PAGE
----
With no real end in sight to the current coronavirus crisis, it’s understandable.
Having been cooped up for months, and with a handful of other countries slowly relaxing their own virus-tackling measures, the public are itching to get away from it all.
But just how likely is is that we’ll see the usual summer holidays in 2020?
Here's the latest travel advice:
What's the 'official' travel advice?
The Foreign & Commonwealth Office (FCO) now advises British people against all non-essential travel worldwide. This advice took effect immediately on 17 March, and while it initially applied for a period of 30 days, the travel ban is now listed as “indefinite”.
“The COVID-19 pandemic has led to unprecedented international border closures and other restrictions,” said the FCO. “All countries may restrict travel without notice.”
That indefinite ruling remains in place, even as other countries begin to relax their measures; there's no telling how things will play out.
Transport Secretary Grant Shapps recently said he would certainly not be booking a summer holiday at present.
Speaking to BBC Radio 4's Today programme on 17 April, Mr Shapps said that "clearly people will want to see what the trajectory of this disease is in the next few weeks".
"I won't be booking a summer holiday at this point, let's put it that way."
What if I already had travel plans?
If you now need to change or cancel your travel plans, follow these steps:
- contact your airline, travel company, cruise line or other transport and accommodation providers
- get in touch with your insurance provider
- continue to follow the NHS coronavirus guidance
The FCO was already advising against all but essential travel or all travel to some areas or countries due to risks that do not relate to COVID-19. This advice remains in place. Check FCO travel advice pages for the latest information.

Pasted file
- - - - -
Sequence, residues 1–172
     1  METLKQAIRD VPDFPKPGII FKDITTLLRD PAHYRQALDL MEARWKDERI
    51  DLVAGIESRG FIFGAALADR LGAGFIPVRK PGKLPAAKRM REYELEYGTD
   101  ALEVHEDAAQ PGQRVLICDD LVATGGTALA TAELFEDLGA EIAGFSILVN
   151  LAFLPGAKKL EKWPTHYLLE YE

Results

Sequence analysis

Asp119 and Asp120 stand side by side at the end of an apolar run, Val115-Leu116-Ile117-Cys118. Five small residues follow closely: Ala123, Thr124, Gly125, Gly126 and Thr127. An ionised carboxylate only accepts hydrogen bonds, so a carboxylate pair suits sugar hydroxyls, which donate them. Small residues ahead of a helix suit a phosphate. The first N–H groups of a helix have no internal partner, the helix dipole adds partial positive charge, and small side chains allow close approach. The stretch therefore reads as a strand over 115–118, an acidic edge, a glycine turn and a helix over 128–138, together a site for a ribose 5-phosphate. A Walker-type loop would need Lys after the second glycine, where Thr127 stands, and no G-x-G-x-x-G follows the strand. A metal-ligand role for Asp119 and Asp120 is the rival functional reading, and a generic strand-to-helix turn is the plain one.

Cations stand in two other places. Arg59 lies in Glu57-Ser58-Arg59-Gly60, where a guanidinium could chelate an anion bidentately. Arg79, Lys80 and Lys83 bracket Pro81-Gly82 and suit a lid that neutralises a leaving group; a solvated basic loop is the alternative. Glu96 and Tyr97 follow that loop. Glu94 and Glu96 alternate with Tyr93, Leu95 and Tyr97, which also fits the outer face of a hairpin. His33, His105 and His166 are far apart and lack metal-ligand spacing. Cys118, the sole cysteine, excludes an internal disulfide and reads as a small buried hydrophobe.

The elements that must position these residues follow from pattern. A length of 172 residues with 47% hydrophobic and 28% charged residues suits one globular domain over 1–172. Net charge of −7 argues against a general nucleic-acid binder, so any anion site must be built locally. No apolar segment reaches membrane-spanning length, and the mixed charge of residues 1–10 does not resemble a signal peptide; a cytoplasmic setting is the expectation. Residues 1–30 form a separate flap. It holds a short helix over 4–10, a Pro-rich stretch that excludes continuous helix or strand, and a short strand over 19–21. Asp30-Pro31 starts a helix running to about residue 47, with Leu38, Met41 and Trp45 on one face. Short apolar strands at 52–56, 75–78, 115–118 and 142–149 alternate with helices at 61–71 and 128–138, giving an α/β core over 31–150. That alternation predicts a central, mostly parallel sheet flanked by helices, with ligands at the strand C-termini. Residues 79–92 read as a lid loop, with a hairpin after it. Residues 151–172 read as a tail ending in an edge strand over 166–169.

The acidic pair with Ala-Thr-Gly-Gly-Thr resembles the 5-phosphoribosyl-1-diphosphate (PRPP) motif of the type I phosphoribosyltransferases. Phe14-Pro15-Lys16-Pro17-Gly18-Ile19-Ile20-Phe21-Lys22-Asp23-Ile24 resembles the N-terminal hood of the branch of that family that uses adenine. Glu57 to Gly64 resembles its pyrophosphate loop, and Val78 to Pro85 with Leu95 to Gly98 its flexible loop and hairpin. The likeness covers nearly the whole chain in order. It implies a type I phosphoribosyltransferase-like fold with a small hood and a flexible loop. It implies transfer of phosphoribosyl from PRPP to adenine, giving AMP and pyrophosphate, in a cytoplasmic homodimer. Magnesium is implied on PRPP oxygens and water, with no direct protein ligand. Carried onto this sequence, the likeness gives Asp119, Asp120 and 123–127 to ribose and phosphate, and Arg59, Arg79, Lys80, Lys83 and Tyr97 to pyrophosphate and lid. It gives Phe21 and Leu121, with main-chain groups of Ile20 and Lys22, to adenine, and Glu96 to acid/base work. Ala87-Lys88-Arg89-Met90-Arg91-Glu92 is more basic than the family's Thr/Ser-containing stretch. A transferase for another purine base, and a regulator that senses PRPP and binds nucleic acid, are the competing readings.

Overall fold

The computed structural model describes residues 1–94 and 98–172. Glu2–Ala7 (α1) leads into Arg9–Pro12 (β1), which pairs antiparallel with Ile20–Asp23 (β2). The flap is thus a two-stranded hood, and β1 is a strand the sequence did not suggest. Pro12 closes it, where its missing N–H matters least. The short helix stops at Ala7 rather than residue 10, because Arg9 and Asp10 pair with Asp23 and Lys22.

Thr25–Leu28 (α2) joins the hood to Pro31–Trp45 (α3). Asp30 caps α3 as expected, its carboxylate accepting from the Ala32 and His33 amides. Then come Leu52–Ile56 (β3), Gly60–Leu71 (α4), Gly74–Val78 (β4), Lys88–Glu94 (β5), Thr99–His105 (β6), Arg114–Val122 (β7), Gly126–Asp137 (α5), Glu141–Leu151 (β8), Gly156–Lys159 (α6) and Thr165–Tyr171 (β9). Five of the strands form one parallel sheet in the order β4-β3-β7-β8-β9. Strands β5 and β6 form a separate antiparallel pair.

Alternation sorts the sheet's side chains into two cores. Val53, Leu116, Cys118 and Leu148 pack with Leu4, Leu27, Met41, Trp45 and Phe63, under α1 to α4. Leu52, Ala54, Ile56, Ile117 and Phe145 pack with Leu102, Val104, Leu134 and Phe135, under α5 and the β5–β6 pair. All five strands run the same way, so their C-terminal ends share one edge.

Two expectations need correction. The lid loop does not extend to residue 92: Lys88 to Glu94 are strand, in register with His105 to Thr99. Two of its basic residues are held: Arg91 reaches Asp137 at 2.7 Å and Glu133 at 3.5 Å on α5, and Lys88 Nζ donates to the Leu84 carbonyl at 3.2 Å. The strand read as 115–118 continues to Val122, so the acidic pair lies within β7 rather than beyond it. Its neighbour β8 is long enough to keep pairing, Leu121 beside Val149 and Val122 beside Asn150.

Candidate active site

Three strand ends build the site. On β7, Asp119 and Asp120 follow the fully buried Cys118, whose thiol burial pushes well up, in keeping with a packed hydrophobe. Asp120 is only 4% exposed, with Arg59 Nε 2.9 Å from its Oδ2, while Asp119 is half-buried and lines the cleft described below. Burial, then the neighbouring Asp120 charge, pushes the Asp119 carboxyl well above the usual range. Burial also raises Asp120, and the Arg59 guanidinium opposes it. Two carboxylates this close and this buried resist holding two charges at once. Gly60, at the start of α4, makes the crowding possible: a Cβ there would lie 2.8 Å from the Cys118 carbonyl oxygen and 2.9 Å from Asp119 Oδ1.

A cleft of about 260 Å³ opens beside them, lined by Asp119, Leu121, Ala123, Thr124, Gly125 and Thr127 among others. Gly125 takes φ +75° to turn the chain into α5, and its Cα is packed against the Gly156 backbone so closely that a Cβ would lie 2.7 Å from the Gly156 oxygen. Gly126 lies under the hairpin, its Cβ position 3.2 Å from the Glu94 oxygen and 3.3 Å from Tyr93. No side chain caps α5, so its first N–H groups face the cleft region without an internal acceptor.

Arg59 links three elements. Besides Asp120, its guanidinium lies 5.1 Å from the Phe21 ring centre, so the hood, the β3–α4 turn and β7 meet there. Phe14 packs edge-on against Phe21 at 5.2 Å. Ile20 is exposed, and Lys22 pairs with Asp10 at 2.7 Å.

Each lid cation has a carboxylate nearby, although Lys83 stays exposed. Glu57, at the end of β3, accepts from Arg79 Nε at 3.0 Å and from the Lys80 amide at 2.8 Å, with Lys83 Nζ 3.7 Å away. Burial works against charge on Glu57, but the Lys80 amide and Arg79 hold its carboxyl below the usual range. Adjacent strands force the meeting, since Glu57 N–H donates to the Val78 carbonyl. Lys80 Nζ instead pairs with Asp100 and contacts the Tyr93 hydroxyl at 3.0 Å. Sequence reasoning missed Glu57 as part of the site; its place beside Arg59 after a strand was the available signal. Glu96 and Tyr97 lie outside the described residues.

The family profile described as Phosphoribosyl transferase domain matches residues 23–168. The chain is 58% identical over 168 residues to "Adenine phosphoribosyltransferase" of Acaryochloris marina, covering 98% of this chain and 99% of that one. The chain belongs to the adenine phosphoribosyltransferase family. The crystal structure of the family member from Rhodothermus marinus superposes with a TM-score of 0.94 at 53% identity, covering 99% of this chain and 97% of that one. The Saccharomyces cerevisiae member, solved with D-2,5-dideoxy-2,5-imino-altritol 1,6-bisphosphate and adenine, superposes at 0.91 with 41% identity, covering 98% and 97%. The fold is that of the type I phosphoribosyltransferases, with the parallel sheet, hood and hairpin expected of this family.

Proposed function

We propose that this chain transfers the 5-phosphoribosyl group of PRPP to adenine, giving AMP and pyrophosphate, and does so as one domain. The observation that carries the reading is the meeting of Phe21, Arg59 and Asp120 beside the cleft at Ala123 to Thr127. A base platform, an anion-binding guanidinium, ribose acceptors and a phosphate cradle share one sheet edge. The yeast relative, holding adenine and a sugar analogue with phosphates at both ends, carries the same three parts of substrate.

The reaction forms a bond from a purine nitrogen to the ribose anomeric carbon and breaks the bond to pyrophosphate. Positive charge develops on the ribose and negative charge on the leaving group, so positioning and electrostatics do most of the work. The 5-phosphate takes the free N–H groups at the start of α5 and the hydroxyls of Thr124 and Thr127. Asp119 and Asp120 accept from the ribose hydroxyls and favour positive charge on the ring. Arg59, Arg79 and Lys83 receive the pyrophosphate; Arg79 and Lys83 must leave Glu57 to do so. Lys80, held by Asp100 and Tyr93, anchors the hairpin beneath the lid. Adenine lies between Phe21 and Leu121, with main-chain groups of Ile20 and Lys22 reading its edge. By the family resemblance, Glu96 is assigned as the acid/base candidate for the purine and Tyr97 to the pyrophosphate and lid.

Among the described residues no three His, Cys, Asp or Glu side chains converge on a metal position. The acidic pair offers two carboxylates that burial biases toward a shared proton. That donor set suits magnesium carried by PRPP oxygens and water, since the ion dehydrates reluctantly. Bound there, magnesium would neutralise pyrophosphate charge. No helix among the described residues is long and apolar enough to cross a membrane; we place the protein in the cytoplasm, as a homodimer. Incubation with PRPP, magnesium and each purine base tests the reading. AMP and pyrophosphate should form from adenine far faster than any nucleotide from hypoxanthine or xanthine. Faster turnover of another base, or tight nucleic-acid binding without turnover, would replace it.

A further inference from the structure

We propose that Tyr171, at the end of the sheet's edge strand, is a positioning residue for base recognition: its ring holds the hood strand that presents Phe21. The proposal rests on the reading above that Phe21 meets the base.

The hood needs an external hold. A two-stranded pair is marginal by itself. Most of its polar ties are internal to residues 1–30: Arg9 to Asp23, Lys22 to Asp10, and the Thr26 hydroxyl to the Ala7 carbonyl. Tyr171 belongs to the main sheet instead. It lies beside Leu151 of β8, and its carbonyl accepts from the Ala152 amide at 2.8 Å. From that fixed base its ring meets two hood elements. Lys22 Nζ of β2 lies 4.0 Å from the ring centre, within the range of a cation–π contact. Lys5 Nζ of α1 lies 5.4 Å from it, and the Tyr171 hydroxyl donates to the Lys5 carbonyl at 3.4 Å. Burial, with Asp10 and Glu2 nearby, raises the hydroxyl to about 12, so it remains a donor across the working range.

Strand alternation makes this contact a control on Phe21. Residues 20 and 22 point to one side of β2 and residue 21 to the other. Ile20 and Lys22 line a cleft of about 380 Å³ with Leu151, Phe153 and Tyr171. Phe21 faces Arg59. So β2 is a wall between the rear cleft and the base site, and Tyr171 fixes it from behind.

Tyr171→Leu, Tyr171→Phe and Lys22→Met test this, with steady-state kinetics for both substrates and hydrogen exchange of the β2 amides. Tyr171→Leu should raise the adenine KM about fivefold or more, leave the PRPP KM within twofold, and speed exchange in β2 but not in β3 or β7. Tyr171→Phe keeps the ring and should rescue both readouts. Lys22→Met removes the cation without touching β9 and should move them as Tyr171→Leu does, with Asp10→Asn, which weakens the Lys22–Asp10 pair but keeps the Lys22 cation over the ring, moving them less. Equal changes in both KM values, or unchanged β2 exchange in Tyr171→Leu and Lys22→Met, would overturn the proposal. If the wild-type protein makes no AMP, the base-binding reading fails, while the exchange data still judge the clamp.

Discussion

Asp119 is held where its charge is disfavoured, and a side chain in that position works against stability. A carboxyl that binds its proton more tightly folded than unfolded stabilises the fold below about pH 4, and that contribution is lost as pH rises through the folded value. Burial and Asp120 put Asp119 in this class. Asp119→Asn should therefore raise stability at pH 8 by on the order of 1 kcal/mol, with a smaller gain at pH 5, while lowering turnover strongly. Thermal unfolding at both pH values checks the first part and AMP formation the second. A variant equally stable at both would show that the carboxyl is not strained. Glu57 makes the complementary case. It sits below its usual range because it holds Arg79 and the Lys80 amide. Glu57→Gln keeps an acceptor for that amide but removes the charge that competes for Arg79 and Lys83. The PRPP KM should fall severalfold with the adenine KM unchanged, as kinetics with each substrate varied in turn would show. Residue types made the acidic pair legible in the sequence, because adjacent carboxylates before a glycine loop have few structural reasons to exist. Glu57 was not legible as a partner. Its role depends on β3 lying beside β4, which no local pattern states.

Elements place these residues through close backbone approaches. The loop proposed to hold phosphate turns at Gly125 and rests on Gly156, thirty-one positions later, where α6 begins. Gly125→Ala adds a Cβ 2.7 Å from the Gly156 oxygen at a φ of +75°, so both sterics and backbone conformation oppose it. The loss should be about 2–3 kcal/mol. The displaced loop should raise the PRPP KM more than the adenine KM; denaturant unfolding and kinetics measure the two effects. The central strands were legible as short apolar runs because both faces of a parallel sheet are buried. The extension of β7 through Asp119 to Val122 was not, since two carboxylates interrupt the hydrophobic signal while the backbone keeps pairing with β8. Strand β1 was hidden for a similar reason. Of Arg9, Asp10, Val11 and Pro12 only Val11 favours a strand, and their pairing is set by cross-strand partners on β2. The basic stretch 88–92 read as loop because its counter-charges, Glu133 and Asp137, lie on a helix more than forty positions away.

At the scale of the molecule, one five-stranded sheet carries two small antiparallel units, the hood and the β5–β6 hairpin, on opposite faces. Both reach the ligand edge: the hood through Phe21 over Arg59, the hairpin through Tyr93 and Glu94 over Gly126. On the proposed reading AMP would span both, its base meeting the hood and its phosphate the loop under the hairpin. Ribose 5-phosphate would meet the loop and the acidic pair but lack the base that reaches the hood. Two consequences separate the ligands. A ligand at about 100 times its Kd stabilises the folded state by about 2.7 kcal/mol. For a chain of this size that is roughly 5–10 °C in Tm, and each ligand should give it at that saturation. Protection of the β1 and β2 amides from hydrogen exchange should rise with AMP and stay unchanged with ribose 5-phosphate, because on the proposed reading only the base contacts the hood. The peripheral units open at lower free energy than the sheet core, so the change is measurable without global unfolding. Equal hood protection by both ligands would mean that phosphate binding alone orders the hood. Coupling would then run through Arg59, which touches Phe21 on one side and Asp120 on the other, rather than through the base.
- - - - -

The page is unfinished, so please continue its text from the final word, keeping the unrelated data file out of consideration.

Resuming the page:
Coronavirus: the facts
COVID-19 is a respiratory illness that can affect lungs and airways. It is caused by a virus called coronavirus and is spread primarily through droplets generated when an infected person coughs or sneezes, or through droplets of saliva or discharge from the nose.
What are the symptoms?
The NHS states that you should not leave the home if you have either:
- a high temperature – this means you feel hot to touch on your chest or back (you do not need to measure your temperature)
- a new, continuous cough – this means coughing a lot for more than an hour, or 3 or more coughing episodes in 24 hours (if you usually have a cough, it may be worse than usual)
What should I do if I feel unwell?
Don’t go to your GP but instead look online at the coronavirus service that can tell you if you need medical help and what to do next. Only call 111 if you cannot get help online.
What precautions can be taken?
Washing your hands with soap and water thoroughly. The NHS also advises to cover your mouth and nose with a tissue or your sleeve (not your hands) when you cough or sneeze; put used tissues in the bin immediately and try to avoid close contact with people who are unwell. Also avoiding touching eyes, nose and mouth unless your hands are clean.
When can I go outside?
The Government has put the UK into lockdown and instructed everyone to stay at home. You should only leave your home for very limited purposes:
- shopping for basic necessities, for example food and medicine, which must be as infrequent as possible
- one form of exercise a day, for example a run, walk, or cycle – alone or with members of your household
- any medical need, including to donate blood, avoid or escape risk of injury or harm, or to provide care or to help a vulnerable person
travelling for work purposes, but only where you cannot work from home
However, these reasons are exceptions – even when doing these activities, you should be minimising time spent outside of the home and ensuring you are 2 metres apart from anyone outside of your household.